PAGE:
At the same time, Jews were scampering over the roofs, running for their lives. If not for the looting taking place below, more would have been murdered. No authorities came to help; barbarism ruled.

All the anger and jealousy that had been pent up over the centuries erupted in these horrific moments. Neighbors with whom we had shared a nod, a smile—and even attended their sons’ circumcisions—had metamorphosed into sub-humans intent on annihilation.

And then, the fires started. Houses were being torched amidst the cries of their destroyers. Black smoke ascended towards the heavens. The putrid smell of smoke filled my nostrils—together with the smell of burning flesh. I will never forget those smells. How long was I up there—one hour, two hours? I finally jumped down onto the roof, running into my mother’s arms. Shaking, she slapped me—a slap of love.

We later learned that after leaving Dahana, these teeming masses of men, joined by others, went on to rampage the other impoverished neighborhoods, later making their way into the wealthier districts. The red hamsa signified their targets. All along Baghdad’s main Rashid Street,Jewish shops that were closed for Shavuot were broken into and robbed. What the mob couldn’t steal, they destroyed. The multitude of synagogues lining the streets were equally ravaged—sifrei Torah going up in smoke.

The destruction was absolute and relentless. On June 2, the second day of the Farhud, an eerie calm descended. Again, I ran upstairs and climbed the tree. In the distance were airplanes buzzing and bombs dropping. The British, who had camped on the outskirts of town as our communities burned, were finally moving into the city and reclaiming what had so tragically gone awry. But for the Jews of Baghdad this was too little, too late. What had been witnessed and experienced during those 24 hours would ring the death knoll for Iraqi Jewry. Many of us now understood that after 2,600 years, it was time to move on.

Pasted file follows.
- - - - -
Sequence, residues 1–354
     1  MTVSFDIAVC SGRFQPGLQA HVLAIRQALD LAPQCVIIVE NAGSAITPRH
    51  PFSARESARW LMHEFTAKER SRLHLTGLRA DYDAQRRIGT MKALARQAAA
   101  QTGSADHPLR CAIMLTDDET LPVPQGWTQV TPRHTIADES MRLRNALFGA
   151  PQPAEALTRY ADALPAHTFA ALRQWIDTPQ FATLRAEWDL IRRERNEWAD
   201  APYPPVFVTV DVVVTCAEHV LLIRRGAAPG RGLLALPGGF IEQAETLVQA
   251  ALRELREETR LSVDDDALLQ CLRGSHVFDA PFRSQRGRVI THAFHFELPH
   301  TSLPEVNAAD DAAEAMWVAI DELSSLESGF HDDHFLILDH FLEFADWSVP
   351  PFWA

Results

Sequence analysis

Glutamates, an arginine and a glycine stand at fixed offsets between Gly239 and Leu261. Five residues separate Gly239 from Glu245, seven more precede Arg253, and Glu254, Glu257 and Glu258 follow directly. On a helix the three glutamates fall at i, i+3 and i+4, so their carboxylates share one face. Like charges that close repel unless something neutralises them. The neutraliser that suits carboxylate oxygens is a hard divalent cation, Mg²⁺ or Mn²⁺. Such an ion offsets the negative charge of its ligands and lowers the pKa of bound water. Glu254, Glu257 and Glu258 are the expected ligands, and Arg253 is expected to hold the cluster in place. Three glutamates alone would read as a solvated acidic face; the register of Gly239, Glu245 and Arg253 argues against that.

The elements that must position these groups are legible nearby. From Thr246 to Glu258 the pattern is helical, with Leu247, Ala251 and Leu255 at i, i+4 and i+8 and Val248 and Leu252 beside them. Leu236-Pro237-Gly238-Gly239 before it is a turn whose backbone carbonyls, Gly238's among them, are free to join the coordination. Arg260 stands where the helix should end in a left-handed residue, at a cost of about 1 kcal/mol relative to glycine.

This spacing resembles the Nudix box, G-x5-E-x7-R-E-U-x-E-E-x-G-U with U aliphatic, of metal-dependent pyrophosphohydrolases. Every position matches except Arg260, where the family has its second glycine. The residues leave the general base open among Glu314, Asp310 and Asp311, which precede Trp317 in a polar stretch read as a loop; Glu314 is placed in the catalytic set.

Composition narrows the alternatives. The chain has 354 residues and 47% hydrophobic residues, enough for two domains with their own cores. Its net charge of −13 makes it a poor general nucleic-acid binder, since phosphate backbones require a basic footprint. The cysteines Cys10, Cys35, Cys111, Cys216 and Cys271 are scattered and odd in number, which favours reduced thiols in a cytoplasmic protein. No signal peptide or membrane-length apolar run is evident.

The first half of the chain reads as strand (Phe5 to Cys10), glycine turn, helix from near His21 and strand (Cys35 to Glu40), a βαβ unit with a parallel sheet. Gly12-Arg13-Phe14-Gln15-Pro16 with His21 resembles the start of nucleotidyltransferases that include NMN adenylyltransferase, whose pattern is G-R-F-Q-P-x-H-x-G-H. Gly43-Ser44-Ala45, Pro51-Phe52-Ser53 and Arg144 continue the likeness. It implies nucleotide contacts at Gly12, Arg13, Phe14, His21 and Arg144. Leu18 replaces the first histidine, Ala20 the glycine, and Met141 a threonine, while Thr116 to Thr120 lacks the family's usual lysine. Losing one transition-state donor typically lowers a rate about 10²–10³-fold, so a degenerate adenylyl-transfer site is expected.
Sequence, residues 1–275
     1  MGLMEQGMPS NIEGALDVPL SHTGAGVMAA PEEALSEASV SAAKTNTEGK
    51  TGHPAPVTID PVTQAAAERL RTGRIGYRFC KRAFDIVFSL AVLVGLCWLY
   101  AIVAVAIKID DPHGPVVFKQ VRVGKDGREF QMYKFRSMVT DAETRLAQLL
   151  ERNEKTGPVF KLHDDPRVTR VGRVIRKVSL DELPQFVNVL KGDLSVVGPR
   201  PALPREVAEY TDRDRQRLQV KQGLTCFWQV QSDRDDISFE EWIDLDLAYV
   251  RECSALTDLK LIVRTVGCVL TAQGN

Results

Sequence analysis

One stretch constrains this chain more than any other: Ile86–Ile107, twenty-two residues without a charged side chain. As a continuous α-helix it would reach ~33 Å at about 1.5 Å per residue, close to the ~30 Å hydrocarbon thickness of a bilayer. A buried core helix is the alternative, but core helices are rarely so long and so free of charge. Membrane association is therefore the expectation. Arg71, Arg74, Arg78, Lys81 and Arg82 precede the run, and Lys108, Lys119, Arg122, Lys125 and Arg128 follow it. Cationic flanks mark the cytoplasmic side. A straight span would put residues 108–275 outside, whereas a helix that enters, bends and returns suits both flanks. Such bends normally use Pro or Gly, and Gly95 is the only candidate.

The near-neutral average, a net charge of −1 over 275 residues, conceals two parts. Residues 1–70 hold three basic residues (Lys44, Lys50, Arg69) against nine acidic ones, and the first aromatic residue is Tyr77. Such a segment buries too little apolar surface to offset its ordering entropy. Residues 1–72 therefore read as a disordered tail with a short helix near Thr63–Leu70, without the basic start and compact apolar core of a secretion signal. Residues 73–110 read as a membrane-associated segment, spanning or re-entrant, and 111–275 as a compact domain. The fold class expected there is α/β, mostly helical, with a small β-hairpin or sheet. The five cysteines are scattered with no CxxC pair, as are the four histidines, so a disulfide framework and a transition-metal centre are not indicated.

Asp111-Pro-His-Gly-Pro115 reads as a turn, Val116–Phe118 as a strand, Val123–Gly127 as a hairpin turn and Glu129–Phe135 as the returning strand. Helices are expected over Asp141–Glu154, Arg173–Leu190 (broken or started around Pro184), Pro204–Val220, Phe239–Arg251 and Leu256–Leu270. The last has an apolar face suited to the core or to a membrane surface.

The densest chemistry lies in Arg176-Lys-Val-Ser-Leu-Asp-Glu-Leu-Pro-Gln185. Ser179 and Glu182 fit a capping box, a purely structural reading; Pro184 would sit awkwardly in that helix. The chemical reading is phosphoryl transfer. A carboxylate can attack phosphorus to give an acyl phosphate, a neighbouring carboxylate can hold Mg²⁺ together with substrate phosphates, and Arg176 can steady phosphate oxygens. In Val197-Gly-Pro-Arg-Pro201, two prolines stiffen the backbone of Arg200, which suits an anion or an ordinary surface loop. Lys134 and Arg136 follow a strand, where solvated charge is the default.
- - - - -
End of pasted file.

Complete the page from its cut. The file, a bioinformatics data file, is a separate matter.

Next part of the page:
As is the case with most acts of senseless violence, the Farhud did not erupt in a vacuum. It was a well-planned pogrom organized by nationalistic Arab-Nazis and carried out under the direction of Nazi Arabist and diplomat Fritz Grobba in cooperation with the Arab and Islamic world. It inspired an international Arab-Nazi alliance. Leading this alliance was Hajj Mohammed Amin al-Husseini, the Grand Mufti of Jerusalem, and Iraqi Prime Minister Rashid Ali al Gilani. Yet, I believe the Farhud was an equal consequence of theological and historically-based attitudes toward Jews.


SyrianJew said...

Absolutely horrid. People don't like to talk about the Farhud because it contradicts the myth that anti-Jewish sentiment started after 1948.

Eliyahu m'Tsiyon said...

for more details on the Baghdad Farhud:

Anonymous said...

It probably started with the consequences of Herzl's plan to mass immegrate Jews to Palestine.

Israel as a state was not yet declared in 1941, but the plan was already going for many years.
How can one not take that into account?

And Herzl knew very clearly and beforehand (read his "Judenstaat", it's all in there), that the Palestines will have to be mistreated with an iron fist against their will.

No wonder that arab resentment got starting! And the articles on this page confirm it. Husseini had his "reasons" to search for a solution for the invading Jews he must have been aware of.

In fact, one way out of the mess might indeed be to say that Herzl is not "the jews" and that his plan was wrong.

This could serve to righly deflect the error to where it sat, clearing the rest of the jews who wouldn't do such a thing now.

There was also a cultural problem about land ownership and a switch from traditional ownership system to more modern, legalistic forms of prooving ownership. So people living there for centuries were pushed around for reasons perfectly above their head. Kalif decided over their head. Not good, either.